The reasons to choose a community bank or credit union range from getting the same services at a lower cost to supporting productive investment instead of speculative trading. But while it’s one thing to think about the qualities that are important in our banks, it’s another to find particular local banks that are enacting them.
A new tool, called Bank Local, aims to make that process easier.
Bank Local maps every banking institution in the U.S., and uses data from three federal agencies, plus its own algorithm, to assign them a Local Impact Rating. Users can type their address into a bar on the site’s homepage, and find a map and list of how nearby financial institutions compare.
The project was created by Bob Marino and Nick Plante, who initially schemed it up as a tool for their own area. Both are board members of Seacoast Local, a local economies non-profit that works in eastern New Hampshire and southern Maine. They wanted to come up with something to help people move their money to a local bank or credit union, and take what they describe in an early post on their website as a “small, pragmatic action” against “the problem of Bigness in banking.”
“We thought that one of the venues for change would be to put that information out there for consumers who care about these issues,” Marino says.
Working with experts, including Stacy Mitchell here at ILSR and the economist Olga Bruslavski with the National Credit Union Administration, they came up with criteria to quantify a bank’s local impact. They decided on seven: Small business lending, location of headquarters, branch concentration, bank ownership, bank size, small farm lending, and speculative trading.
Take small business lending, the factor that Bank Local weighs most heavily. Small businesses, which create the majority of new jobs, depend heavily on small, local banks for financing. In 2014, even though community-based financial institutions controlled just 24 percent of all banking assets, they made 60 percent of all small business loans. As the banking sector has become increasingly concentrated, small businesses have had a harder time accessing the capital that they need to grow.
In Bank Local’s algorithm, if a bank dedicates 20 percent or more of its total assets to small business lending, it earns three points toward its total score and is marked as “outstanding” in that category. The lowest tier is for banks that devote less than 5 percent of their total assets, which receive a score of zero and a rank of “insignificant.” In Oakland, Calif., for instance, Mission National Bank uses 24 percent of its assets for lending to small businesses, and none for speculative trading, which helps it earn a high overall score for local impact. Citibank, meanwhile, deploys just 1 percent of its assets for small business loans and 9 percent for speculative lending.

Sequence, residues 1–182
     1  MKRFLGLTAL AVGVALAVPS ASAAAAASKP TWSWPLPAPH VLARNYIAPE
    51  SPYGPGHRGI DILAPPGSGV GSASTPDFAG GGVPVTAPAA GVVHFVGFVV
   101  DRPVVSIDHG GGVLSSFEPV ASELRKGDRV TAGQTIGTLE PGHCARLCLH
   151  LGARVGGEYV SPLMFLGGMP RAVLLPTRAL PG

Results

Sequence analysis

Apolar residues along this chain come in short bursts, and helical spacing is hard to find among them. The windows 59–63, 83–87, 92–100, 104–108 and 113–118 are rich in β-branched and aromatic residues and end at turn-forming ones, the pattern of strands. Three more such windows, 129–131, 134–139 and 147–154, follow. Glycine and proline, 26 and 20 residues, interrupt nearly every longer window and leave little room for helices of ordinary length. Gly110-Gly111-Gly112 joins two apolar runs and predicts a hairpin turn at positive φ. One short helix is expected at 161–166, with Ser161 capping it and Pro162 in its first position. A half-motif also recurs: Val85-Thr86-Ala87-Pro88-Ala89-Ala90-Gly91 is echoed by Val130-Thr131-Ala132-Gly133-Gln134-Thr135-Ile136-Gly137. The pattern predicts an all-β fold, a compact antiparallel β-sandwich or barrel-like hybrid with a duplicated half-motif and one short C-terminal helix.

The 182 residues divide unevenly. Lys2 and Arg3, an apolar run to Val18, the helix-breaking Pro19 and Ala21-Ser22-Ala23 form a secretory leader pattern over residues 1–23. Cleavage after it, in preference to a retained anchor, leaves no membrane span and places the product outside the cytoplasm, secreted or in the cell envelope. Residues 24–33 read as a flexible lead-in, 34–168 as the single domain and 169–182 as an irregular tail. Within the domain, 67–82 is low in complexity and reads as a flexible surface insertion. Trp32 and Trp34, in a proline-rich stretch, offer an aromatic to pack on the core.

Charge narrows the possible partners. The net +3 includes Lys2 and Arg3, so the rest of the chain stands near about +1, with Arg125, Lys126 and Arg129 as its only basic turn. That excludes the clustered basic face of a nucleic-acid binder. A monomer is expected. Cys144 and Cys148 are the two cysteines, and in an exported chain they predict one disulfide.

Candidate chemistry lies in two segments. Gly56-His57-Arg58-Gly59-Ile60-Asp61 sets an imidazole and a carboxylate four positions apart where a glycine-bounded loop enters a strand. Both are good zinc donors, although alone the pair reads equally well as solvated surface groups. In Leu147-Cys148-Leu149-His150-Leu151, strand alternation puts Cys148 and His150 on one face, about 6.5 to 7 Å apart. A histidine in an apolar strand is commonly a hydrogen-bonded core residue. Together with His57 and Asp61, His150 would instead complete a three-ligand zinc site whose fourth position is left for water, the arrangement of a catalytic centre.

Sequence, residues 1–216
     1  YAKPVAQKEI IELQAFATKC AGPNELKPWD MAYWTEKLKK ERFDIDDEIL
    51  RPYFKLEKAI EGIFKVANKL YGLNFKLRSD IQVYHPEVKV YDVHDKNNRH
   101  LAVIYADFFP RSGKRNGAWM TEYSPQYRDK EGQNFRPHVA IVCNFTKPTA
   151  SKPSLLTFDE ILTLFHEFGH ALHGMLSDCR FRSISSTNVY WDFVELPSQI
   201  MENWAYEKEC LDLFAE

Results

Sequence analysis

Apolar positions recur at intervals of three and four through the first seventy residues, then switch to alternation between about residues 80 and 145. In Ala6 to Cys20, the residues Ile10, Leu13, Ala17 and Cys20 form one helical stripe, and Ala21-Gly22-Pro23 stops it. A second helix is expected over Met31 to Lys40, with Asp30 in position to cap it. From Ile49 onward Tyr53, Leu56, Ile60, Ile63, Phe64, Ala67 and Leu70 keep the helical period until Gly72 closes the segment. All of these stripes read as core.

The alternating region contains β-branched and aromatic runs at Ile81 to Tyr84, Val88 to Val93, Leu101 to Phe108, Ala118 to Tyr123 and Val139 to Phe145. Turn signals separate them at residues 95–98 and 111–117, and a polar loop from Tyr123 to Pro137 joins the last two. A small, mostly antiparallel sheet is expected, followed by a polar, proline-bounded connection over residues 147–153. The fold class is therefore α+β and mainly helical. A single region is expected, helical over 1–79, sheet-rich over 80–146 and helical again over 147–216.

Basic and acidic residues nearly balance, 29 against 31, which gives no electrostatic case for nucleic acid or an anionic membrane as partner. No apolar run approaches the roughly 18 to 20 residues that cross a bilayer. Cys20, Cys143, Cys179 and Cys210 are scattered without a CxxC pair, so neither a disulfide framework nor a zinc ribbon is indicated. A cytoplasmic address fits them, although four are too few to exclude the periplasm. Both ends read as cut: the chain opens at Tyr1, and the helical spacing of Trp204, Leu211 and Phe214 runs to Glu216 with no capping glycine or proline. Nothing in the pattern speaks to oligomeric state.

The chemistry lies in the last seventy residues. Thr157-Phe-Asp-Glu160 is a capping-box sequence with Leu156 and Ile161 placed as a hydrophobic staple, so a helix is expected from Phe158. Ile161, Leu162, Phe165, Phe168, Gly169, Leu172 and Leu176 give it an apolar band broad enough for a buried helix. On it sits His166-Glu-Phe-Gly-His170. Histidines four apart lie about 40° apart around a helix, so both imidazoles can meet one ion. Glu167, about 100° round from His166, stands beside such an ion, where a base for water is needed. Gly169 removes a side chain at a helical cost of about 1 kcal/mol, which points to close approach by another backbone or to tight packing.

Once Marino and Plante had come up with the criteria and the algorithm for scoring, they were able to expand their new tool to cover the rest of the country. They pulled all of the data they needed, and then used a service that geolocated every financial institution.
Along the way, they found that there isn’t much else out there that’s like their tool. One predecessor was the Oregon Banks Local project, which laid helpful foundations in determining criteria, but that project only looked at financial institutions within the state of Oregon, and it no longer exists. At Bank Local, Marino and Plante plan to continue to update the data annually.
“I think what’s really great about the site is that it’s full coverage of every institution in the country, and every town and city in the country, and it’s not going to be static,” says Marino.
There have already been surprises. For starters, Marino says, it’s not only the predictable giants, like JP Morgan Chase and Bank of America, that aren’t good stewards of local lending. There are also a number of large regional banks that fall below small community institutions in Bank Local’s algorithm.
The project has received recognition from the University of New Hampshire’s Social Venture Innovation Challenge, and Marino and Plante hope that it will be a resource people can use to help them move their money.
Already, they know of at least one success. Since starting the project, Marino himself has moved his own banking to an institution in his town.